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Scene i, The Garter Inn
The portly nobleman John Falstaff is at the Garter Inn with his buddies Bardolph and Pistol. Dr. Caius storms in. He’s furious because Falstaff’s companions got him drunk the previous night and robbed him. The unperturbed Falstaff brushes off the accusations and Dr. Caius is forced to retreat, still seething with anger.
Meanwhile Falstaff’s attention turns to bigger problems. With an outstanding bill to pay and no money to his name, Falstaff hatches a scheme to seduce Alice Ford and Meg Page (wives of rich citizens in Windsor) and finance his appetites through their favours. But Bardolph and Pistol experience an unforeseen ethical awakening, and refuse to deliver the love letters which Falstaff has prepared. After sending a page boy to courier the love notes, Falstaff reprimands his companions for their new-found sense of honour.
Scene ii, The Garter Inn
Meg Page and Alice Ford discover they’ve received identical love letters from Falstaff, and decide to teach him a lesson with the help of their friend Mistress Quickly, as well as Alice Ford’s daughter Nannetta.
While the women busily plot their revenge, Ford arrives with Dr. Caius, whom Ford considers suitable husband material for his Nannetta. Bardolph and Pistol – recently dismissed from Falstaff’s entourage –arrive in search of gainful employment. They disclose Falstaff’s scheme of seduction to Ford, who becomes mad with jealousy and insists he will disguise himself and visit the rogue in person.
In the midst of the commotion, Nannetta shares a few moments of tenderness with Fenton, a young man who loves her.
Scene i, The Garter Inn
Pretending to be sorry they’re no longer in his good graces, Bardolph and Pistol regain Falstaff’s company. Mistress Quickly arrives to declare that Alice Ford and Meg Page are both madly in love with Falstaff; she recommends pursuing Alice Ford, however, as her husband is away from two to three in the afternoon every day.
After Mistress Quickly departs, Bardolph shows in “Fontana” (Ford in disguise), a stranger who comes with a surprising proposition: he will give Falstaff money and wine to seduce Alice Ford. “Fontana” claims he’s in love with Alice, but thinks he’ll have a better chance of success if the more knowledgeable Falstaff were to lead the way and set a precedent, making Alice more susceptible to Fontana’s advances. Falstaff merrily agrees, boasting that he’s in fact going to see the lady that very afternoon. His new acquaintance is stunned, and behind his disguise, Ford rages with jealousy.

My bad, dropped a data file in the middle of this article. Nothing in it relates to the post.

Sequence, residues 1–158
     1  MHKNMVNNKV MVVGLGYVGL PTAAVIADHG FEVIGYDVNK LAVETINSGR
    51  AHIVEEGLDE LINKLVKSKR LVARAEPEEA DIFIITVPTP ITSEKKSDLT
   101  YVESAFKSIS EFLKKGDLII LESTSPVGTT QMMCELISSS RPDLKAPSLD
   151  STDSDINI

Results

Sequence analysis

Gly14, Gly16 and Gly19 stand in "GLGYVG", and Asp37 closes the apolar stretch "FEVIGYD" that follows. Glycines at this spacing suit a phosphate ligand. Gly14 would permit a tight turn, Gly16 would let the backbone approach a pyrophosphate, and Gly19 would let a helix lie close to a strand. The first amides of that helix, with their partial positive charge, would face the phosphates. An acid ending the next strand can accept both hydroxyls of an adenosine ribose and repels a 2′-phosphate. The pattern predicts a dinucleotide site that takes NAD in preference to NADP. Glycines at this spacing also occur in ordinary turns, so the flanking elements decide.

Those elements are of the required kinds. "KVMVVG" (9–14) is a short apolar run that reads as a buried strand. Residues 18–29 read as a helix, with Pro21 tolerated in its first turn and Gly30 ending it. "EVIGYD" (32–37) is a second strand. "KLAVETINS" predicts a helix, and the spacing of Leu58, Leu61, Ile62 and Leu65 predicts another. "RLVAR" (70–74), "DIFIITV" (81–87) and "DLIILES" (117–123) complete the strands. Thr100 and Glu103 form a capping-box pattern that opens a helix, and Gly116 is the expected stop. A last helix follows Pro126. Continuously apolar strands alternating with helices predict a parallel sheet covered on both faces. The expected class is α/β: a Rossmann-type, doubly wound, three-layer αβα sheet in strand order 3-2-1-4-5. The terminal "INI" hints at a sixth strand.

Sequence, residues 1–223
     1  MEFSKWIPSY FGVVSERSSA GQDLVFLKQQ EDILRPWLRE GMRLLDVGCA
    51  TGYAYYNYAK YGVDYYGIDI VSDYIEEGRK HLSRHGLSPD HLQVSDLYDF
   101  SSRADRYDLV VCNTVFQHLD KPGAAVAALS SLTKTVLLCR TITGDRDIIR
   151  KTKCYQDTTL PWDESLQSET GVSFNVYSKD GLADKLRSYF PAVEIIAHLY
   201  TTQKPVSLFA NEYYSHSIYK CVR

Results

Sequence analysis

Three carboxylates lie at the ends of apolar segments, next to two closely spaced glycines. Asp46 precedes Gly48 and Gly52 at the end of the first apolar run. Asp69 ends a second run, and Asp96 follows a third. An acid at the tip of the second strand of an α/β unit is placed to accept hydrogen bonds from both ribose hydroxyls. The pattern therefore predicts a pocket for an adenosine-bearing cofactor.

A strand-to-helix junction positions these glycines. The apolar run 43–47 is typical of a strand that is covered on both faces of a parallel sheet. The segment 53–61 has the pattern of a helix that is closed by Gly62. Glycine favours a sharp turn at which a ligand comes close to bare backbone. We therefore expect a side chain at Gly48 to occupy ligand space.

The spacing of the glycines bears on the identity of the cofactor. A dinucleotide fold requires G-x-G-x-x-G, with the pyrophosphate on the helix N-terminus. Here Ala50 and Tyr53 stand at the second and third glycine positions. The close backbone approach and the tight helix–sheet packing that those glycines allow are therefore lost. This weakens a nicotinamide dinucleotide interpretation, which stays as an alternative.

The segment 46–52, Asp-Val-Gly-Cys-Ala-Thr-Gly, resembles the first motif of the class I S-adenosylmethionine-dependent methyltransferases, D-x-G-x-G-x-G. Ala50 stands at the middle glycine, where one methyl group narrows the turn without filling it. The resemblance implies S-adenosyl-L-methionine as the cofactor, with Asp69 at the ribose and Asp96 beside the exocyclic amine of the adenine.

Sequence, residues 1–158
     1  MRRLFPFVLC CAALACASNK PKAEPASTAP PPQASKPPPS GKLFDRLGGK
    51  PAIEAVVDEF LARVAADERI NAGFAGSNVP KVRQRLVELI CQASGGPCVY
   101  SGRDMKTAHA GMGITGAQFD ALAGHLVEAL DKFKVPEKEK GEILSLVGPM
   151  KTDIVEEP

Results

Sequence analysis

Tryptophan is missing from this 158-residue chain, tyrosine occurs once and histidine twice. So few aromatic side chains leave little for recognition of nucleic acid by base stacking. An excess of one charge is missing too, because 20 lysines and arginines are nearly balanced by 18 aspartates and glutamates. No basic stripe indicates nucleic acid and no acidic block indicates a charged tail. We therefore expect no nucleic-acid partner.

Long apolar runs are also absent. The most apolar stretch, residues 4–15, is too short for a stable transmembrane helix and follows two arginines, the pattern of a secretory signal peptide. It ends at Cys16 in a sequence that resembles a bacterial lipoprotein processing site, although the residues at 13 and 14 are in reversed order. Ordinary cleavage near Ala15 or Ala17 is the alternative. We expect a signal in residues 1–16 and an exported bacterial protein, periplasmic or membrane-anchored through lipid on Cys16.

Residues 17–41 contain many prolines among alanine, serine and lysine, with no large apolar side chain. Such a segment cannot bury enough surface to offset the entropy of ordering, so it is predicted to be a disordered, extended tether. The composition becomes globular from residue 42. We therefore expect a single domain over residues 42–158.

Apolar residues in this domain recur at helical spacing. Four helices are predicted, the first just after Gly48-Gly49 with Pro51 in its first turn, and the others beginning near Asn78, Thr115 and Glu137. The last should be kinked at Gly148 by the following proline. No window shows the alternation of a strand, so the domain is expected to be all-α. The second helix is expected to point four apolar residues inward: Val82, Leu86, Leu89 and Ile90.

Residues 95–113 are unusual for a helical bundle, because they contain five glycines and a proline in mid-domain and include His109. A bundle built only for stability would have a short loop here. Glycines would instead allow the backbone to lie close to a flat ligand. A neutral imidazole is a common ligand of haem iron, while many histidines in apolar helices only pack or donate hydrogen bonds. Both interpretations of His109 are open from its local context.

Scene ii, Ford's House
Nannetta tearfully tells her mother that Ford has promised her to Dr. Caius in marriage although she loves Fenton. Her mother tells her not to worry.
Falstaff swaggers in and begins his wooing. With everything going according to plan, Meg Page interrupts – as intended – to give a false report that Ford is due to arrive any moment. But Mistress Quickly suddenly appears and tells Alice that her jealous husband really is approaching. In desperation, Falstaff looks for a hiding place and ends up concealed in a laundry basket. Ford and a small crowd of townspeople storm in and begin ransacking the house. The sound of kissing is heard. Ford moves closer to the source, ready to pounce upon his wife and her lover, but instead he discovers Nannetta and Fenton in an amorous embrace. As Ford unleashes his fury on Fenton, Alice orders her servants to tip the contents of the laundry basket out the window and Falstaff is thrown straight into the River Thames.
Scene i, Outside the Garter Inn
A soggy Falstaff bemoans his treatment at the hands of the women. Quickly enters and assures him that Alice remains true to him and that his misadventure was caused by the servants. Alice, Meg, Nannetta, Ford, Dr. Caius and Fenton spy on the proceedings. Quickly gives Falstaff a note, in which Alice begs him to meet her at midnight at Windsor Great Park and to wear the disguise of a local legend, the Black Huntsman.
Alice announces to the group that they will continue their plot against Falstaff; that Nannetta will be dressed as the Queen of the Fairies, Meg will be a green wood nymph and Quickly a witch. Ford, now convinced of his wife’s loyalty, whispers to Caius that he will be married to the disguised Nannetta that night. Caius is delighted with the plan, but the matrimonial arranging has been overheard by Quickly, who has a counter-plan of her own.
Scene ii, Windsor Great Park
Falstaff appears dressed as the Black Huntsman. At midnight, Alice arrives and professes her love for him. But almost immediately she claims to hear approaching spirits and flees in mock terror.
Costumed as the Queen of the Fairies, Nannetta leads a group of disguised townspeople to pinch, poke and humiliate Falstaff until he repents his dissolute ways. Falstaff recognizes one of his attackers as Bardolph and understands that a trick has been played on him. Ford reveals that he was really the gentleman Fontana, and Mistress Quickly lambasts Falstaff for his attempts to corrupt two married women of impeccable virtue.
Dr. Caius now takes centre stage, with a figure in white by his side. They will be married by Ford. Just then Alice introduces another couple, making Ford’s ceremony a double-wedding. As the veils are lifted it turns out Caius has been married to Bardolph and Nannetta to Fenton. Caius and Ford are forced to admit that they too have been made to look foolish. Everyone prepares to feast and celebrate together, acknowledging that the world is a joke and laughter the only course of action.
A scene from the Canadian Opera Company/Teatro alla Scala/Royal Opera House, Covent Garden/Metropolitan Opera/Dutch National Opera, Amsterdam co-production of Falstaff, 2013, Teatro alla Scala. Photo: Rudy Amisano
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